As he walks past the rulers he can over hear them:
“Keep them chained and in the dark,” one voice says.
“Yes, keep them damn,” another says. “They like what they are seeing. Show them the future—pockets full, houses great, food plenty—show them paradise. They will believe it is real and it is theirs.”
He stops and listens.
“As long as they are ignorant, we’re fine.”
The above allegory represents the power of knowledge. It shows a path to complete awareness that for many years has dodged our country. It illustrates a unique way by which knowledge plays an important part in our own existence, and how a learned people can become a force to reckon with in this world of advancement.
The Form Five who broke the chains and escaped became thoroughly educated and more capable of playing his part as man of thought and man of action. With a college education he was able to see the real light and reach the ultimate stage of thought, that of “understanding.”
He now understood why Africa had come this far and gone nowhere. Why Africa was at the totem pole of advancement, hopelessly watching its people die of hunger and disease. Why people were still living in huts and drawing water from the river in the rural areas.
He understood why the economies, on a continent with abundant mineral and natural resources, was in scraps and why IMF, World Bank, the Chinese government, and foreign investors, continued to hold Africa hostage. He now saw why the country’s wealth was the advantage of the same few, the same corrupt, and the same unjust.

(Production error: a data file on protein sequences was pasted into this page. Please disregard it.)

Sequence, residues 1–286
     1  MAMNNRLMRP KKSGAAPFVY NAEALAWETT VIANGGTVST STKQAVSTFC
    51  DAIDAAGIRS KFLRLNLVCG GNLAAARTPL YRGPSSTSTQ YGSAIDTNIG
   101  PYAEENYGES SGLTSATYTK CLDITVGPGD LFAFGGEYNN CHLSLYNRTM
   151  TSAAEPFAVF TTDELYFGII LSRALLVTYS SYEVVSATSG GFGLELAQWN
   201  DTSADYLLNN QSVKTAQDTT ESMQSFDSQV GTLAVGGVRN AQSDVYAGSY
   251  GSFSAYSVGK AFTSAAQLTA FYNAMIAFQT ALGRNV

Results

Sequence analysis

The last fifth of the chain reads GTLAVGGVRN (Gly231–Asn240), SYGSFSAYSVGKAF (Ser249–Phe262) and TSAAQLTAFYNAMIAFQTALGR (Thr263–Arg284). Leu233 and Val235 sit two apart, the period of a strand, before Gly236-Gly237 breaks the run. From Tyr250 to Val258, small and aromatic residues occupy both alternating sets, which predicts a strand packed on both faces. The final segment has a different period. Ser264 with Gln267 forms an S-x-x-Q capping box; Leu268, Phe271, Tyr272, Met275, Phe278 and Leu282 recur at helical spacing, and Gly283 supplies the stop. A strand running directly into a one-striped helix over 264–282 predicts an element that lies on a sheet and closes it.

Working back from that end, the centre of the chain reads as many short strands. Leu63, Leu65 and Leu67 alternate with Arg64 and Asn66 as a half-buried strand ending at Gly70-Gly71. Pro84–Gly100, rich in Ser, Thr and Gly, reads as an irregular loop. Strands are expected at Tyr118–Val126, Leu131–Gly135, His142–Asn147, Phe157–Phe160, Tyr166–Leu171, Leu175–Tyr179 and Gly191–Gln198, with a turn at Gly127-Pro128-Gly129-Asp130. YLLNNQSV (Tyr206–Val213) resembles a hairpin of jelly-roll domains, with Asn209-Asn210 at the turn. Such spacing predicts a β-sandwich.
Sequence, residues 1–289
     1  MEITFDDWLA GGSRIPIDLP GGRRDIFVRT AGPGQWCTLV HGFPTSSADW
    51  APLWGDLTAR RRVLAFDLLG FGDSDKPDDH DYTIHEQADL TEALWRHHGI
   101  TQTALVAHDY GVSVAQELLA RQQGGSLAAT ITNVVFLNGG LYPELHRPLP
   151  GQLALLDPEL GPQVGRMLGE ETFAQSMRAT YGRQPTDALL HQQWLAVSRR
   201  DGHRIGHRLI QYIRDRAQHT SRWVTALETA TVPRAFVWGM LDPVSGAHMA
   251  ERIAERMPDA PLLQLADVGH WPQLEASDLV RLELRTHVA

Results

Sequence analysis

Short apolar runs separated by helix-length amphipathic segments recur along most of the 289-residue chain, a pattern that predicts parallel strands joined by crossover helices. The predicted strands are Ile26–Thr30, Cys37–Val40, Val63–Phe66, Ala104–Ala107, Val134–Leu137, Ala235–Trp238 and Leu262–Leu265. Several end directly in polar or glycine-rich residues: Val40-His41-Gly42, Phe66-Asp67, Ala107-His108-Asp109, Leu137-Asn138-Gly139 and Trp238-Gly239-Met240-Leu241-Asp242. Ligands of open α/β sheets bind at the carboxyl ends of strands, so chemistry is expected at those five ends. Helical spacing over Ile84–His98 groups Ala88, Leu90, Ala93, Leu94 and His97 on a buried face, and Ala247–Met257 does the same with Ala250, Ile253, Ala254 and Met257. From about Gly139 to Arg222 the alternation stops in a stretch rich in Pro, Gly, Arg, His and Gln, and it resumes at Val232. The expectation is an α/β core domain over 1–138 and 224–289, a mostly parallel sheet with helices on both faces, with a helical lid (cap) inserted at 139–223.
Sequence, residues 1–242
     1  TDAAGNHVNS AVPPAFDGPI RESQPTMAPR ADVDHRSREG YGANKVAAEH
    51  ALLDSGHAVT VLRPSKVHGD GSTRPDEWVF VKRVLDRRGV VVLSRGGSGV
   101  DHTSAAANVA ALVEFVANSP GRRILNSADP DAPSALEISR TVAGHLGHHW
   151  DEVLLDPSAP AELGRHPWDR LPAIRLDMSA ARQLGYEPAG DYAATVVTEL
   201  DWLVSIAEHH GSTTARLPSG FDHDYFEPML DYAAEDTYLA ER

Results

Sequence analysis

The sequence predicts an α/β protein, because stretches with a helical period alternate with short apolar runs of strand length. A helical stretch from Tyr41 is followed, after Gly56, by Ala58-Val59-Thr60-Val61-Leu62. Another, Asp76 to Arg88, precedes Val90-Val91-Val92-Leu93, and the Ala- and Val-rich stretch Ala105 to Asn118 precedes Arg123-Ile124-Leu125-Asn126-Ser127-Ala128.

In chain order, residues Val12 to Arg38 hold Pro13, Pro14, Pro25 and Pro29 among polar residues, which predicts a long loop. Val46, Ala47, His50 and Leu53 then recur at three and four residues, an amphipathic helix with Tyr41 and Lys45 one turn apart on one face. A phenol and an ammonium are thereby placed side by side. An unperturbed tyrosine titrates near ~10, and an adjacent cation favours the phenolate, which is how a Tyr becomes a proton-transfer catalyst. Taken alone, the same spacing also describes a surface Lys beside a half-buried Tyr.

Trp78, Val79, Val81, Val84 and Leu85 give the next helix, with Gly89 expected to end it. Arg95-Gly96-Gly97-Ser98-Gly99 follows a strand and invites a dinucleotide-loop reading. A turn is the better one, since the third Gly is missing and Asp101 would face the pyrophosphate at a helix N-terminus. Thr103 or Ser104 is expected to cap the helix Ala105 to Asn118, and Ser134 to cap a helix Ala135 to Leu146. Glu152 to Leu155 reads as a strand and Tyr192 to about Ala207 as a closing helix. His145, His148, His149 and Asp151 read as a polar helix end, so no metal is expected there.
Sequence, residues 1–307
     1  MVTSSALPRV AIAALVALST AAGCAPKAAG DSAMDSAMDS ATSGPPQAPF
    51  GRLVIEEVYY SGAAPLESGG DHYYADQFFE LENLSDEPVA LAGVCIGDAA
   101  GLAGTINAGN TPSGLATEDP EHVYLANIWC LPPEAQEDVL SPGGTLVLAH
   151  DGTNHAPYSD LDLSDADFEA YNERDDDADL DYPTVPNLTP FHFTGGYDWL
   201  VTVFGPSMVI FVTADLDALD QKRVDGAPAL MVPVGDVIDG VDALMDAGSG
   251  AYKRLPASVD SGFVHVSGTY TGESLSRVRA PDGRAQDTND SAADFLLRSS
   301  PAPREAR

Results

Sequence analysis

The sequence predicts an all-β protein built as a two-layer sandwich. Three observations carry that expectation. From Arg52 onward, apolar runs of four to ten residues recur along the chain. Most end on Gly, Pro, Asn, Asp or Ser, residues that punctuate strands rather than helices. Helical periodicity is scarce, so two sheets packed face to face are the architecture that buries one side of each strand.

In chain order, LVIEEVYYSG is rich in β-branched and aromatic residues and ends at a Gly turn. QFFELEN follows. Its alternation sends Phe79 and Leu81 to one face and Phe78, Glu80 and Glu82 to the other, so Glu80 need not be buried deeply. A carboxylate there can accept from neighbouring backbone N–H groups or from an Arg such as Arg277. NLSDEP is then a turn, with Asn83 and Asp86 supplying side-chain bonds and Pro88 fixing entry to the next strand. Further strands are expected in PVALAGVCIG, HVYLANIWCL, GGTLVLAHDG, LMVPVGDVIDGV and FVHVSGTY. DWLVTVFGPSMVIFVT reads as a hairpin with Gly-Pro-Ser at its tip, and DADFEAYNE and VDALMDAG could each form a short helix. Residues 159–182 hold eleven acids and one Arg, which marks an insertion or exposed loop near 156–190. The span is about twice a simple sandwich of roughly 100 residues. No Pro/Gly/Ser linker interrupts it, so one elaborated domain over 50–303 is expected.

He understood why: It was because Africa was full of chained Form Fives—chained by deceitful rulers who were masters of fiction. They had chained millions of Form Fives and made them watch the dazzling images of illusion. They used images as products of propaganda and tools of oppression.
When he understood all this, he saw why and how he had lived in the darkness of our country for years, and felt sorry for those he had left behind, the millions of Form Fives.
He recalled the experience he had shared with them and now understood that when he and other Form Fives showed how enlightened they were; when they spoke fairly “good” Form V English, became rulers, worked in established institutions, pretended to be journalists, radio and TV hosts, accountants, salesmen, lied they were lawyers, doctors, and rubbed shoulders with academics and those in the corridors of power, they were aping the imperfect images on the wall.